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Acclaimed Chopin Performer Ivan Moravec Dies in Prague

By Steve Nagel s.nagel@classicalite.com on Aug 11, 2015 10:01 AM EDT

Despite the purportedly humble demeanor of the famed pianist, Ivan Moravec deserves a requiem as great as any of his forerunners.  The Czech pianist died in a Prague hospital on July 27th after treatment for pneumonia.  He was 84 years old.  Throughout his lifetime, he was particularly acclaimed for his interpretations of Chopin, Mozart, and Debussy.

Performing the works of Chopin is notably difficult.  Even an adequate mastery of the composer's dynamic and rubato-heavy works can certainly fire up a successful career.  However, interpreting Chopin demands further prowess, even for the virtuosic.  The greatest of these interpreters are liable to be a household name but if readers are just hearing the name Ivan Moravec, they shouldn't be ashamed. The man himself appeared to shun the limelight, but his devotion to his art manifested itself in a focused and private way.  A recording enthusiast and highly skilled piano technician, he took particular interest in the final quality of his recordings and the output of the pianos on which he performed.  A 2001 NY Times article relayed that his philosophy stemmed from a desire to not "be molested by mistakes in the instrument... the aim is to be free."

Some of Moravec's recordings are praised to comprise a doctrine for interpreters who seek to acquire a more well-rounded approach to style and execution.  He recorded almost exclusively with Connoisseur Society from 1962 to 1974, followed by several recordings with Supraphon.  Many of these albums were award-winners, selling at such Platinum-level ubiquity that it's conceivable that for a time, his recordings were the sole voice of Chopin for a significant percentage of the populace.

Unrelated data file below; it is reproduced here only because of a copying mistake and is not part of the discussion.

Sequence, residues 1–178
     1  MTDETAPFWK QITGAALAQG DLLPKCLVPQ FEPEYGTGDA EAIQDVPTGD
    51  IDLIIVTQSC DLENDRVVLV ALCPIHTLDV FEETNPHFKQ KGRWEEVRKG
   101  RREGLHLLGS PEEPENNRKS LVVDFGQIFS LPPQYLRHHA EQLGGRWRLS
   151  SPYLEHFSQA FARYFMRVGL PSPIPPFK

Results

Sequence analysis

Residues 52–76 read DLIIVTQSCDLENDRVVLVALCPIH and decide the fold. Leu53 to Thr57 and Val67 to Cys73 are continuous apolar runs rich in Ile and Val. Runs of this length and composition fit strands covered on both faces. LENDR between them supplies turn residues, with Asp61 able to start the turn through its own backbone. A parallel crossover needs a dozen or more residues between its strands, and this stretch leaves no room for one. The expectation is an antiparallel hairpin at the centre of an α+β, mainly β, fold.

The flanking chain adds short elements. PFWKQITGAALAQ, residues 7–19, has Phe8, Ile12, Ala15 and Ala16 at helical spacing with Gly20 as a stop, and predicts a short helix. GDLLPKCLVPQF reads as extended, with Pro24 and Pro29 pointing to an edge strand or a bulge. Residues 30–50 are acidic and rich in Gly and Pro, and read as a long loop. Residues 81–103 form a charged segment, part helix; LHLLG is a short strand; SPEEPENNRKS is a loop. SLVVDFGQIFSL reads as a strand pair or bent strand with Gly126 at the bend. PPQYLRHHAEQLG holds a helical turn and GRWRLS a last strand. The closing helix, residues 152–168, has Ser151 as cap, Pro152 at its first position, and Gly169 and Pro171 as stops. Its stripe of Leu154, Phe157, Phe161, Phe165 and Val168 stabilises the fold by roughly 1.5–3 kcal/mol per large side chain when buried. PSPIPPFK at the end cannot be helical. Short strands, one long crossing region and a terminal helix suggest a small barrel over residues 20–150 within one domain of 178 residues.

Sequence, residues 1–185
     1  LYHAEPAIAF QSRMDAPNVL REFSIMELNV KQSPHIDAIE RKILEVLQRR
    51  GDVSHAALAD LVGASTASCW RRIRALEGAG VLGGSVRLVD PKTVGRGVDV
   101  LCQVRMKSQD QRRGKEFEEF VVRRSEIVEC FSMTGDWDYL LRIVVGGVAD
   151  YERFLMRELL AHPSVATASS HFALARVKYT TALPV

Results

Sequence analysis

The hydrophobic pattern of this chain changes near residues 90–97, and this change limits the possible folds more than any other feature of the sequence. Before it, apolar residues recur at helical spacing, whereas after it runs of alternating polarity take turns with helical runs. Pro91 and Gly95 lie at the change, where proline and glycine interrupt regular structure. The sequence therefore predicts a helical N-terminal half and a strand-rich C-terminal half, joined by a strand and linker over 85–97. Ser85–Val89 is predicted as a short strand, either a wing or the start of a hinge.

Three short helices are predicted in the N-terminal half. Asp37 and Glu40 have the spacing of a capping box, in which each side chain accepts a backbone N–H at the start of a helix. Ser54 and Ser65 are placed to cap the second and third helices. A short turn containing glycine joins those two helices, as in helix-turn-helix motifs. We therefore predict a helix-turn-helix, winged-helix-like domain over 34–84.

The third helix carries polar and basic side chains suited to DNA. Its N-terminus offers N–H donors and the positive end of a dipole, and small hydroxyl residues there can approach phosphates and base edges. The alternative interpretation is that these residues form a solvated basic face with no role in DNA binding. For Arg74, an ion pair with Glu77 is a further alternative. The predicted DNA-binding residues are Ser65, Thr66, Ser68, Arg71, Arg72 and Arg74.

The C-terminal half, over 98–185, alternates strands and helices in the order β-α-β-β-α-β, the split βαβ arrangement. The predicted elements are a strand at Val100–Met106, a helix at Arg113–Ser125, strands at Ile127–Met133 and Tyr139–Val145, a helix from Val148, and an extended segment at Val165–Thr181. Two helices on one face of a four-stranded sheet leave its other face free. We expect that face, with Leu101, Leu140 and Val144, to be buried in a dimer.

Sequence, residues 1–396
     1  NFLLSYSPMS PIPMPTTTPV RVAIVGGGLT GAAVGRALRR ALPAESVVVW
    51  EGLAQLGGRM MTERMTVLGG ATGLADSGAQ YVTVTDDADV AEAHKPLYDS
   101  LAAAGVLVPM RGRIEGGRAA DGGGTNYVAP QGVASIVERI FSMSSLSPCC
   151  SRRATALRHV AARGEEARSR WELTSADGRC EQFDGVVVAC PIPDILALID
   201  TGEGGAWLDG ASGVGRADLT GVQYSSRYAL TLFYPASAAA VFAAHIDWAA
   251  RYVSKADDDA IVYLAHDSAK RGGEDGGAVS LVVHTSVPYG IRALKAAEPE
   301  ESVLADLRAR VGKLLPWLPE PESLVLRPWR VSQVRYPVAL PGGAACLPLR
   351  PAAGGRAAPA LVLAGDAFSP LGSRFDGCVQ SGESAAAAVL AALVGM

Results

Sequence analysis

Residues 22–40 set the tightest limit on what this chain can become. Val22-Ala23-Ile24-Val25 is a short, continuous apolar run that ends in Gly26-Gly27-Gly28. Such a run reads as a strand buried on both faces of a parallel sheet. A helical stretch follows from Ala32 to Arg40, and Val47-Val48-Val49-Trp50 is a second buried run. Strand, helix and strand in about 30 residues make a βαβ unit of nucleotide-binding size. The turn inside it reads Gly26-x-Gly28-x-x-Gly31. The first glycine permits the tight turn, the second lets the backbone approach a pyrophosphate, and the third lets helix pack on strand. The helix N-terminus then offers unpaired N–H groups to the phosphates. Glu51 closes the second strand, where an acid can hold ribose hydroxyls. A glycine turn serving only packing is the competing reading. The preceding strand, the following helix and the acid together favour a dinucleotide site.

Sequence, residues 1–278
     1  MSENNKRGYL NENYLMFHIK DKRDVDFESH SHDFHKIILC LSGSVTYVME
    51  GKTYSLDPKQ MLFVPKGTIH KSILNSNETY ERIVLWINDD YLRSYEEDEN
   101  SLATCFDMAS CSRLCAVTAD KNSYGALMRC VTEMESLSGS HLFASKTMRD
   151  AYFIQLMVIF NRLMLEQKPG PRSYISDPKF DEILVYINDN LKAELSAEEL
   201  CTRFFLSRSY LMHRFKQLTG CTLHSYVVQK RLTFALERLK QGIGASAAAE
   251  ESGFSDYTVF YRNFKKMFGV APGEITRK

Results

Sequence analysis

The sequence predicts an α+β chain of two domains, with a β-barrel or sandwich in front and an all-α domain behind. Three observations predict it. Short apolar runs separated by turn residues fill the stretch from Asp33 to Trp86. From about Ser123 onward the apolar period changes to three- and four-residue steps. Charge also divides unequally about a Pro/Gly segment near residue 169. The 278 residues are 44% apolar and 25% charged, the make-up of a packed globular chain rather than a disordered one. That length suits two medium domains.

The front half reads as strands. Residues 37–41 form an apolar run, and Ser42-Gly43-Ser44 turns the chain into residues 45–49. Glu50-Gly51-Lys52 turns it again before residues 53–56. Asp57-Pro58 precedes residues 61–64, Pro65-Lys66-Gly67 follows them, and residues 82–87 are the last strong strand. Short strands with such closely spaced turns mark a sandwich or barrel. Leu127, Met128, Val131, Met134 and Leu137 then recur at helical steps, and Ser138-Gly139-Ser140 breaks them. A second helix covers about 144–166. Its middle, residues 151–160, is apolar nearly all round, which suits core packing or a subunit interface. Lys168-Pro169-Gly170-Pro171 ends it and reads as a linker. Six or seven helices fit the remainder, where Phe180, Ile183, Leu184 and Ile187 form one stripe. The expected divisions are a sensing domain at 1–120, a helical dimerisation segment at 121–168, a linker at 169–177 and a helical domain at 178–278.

Moravec was not averse to a larger repertoire, however.  The success of his Chopin, Mozart and Debussy recordings demanded further perfection of the three composers for his studio work, but in concert Moravec displayed more versatility, tackling Brahms, Schumann, and native Czech composer Janáček.  Still, beside the giants of Rubenstein and Horowitz, a unique memory of Moravec will seem to live on with respect to Chopin, as New Yorker critic Alex Ross relays, "I have heard Chopin executed more brilliantly, more spectacularly, but never more persuasively."

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TagsIvan Moravec, Chopin, Mozart, Debussy

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